ZAHIT KAPLAN / KUZEY NEWS AGENCY
Having been the center of several civilizations throughout the centuries, Tunisia has preserved its position as the meeting point of Islamic culture and Mediterranean lifestyle. This unique combination is felt not only through the streets but also in the museums and the ancient city of Carthage.
Described as the pearl of the Mediterranean, Tunisia holds the proud reputation of being reminiscent of two great empires in the world history - the Roman and the Ottoman Empires. Apart from long, beautiful beaches that are filled with tourists during summer months, the historical and cultural background of the country is one of the major factors that make Tunisia a touristic hotspot.
The Tunisian Peninsula is surrounded by historical towns. One of them, Carthaga, was founded in the ninth century by the Phoenicians. It had witnessed large scale destruction when it was under the Roman Empire rule. However, today, its Roman heritage is priceless for world history. The ancient city receives the largest number of tourists in the country. The International Cartahage Festival has an especially important role in enlarging the city’s tourism potential.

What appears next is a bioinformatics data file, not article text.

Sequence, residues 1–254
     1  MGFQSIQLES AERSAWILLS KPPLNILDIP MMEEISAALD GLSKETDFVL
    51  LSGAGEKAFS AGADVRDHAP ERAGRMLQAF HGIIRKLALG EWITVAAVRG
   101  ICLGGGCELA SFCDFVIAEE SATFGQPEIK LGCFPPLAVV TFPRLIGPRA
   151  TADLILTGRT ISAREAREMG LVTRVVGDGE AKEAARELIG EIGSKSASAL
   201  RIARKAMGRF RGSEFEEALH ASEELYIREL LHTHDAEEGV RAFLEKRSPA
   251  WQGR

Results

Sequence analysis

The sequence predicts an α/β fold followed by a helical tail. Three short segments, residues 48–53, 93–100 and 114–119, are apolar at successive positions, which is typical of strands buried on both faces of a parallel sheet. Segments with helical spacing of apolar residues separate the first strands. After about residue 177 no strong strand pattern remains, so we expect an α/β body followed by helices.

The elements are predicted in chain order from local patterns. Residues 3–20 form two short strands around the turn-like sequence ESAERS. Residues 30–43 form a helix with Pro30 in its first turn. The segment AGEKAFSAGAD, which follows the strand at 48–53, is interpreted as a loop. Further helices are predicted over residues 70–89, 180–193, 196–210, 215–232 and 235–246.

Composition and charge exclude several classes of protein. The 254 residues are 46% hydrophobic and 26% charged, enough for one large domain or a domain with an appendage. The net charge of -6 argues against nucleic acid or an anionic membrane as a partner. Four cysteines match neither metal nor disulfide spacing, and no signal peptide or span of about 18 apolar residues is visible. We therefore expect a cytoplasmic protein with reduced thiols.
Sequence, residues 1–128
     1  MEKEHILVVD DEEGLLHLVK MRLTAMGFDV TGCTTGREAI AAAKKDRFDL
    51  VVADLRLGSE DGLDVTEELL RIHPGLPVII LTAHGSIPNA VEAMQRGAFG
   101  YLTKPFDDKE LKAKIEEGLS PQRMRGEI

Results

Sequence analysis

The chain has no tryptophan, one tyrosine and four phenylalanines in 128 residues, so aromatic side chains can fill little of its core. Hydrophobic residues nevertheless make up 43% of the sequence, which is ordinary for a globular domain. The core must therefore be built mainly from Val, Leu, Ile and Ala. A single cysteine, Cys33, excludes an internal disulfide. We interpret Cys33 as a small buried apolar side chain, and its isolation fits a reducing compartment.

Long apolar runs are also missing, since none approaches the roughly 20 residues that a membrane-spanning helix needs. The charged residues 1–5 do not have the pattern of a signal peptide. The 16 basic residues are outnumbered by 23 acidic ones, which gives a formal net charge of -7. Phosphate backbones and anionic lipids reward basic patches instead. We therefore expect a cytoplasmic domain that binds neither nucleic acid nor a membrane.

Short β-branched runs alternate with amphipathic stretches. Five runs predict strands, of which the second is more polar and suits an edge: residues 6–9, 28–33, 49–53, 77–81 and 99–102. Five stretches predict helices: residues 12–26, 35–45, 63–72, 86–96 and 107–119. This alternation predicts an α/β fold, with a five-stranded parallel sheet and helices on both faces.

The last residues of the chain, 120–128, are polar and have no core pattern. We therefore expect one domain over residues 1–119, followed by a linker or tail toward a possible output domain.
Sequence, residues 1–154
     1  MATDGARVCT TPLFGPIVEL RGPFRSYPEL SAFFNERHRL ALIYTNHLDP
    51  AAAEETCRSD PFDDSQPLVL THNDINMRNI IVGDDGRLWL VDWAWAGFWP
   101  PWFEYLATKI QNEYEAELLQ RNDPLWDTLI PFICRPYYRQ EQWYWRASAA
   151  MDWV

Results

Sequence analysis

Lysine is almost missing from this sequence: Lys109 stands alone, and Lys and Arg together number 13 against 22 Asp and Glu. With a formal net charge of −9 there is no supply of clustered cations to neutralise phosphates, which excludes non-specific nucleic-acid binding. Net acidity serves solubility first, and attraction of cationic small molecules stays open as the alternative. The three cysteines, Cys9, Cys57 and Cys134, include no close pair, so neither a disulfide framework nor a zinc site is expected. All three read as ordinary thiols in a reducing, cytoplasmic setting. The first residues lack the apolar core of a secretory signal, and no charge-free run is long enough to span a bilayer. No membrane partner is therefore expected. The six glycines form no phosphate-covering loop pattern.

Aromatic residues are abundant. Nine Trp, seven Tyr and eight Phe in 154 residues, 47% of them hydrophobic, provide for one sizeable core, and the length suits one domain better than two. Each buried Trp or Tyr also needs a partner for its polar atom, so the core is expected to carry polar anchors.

The Director of Tunisian Cultural Heritage Agency Riza Qasim explained their effort to develop Tunisian tourism noting that “We have been working to make Tunisia one of the world’s tourism centers. We have a lot of culture and art center in the capital, Tunis. Internationally known Tunisian museums like Bardo and Cerbe are two of them. We are putting effort to advertise other museums to be recognized by the world.”
Tunisian capital had been the largest city of Hellenistic period; as a result the city has the world’s largest mosaic museum, Bardo museum, which is now in a building that was built as a palace. The ancient pieces from Ancient Greek, Roman Empire and Ottoman Empire are exhibited. More importantly, the first geometrically shaped mosaics of history are also presented in the museum’s Carthage Hall.
Another important museum in regards with Tunisian tourism is the Tunisian National Ceramic Museum which hosts pieces made by Sidi Qasim, a 15th century artist educated in Andalus. Sidi Qasim is known as the pioneer of ceramic art in Tunisia where the traditional art is still popular among young artists. Almost every tomb and mosque built after the 18th century has mosaics in it that demonstrates Ottoman influence on Tunisian art.
Güncelleme Tarihi: 09 Ağustos 2014, 16:25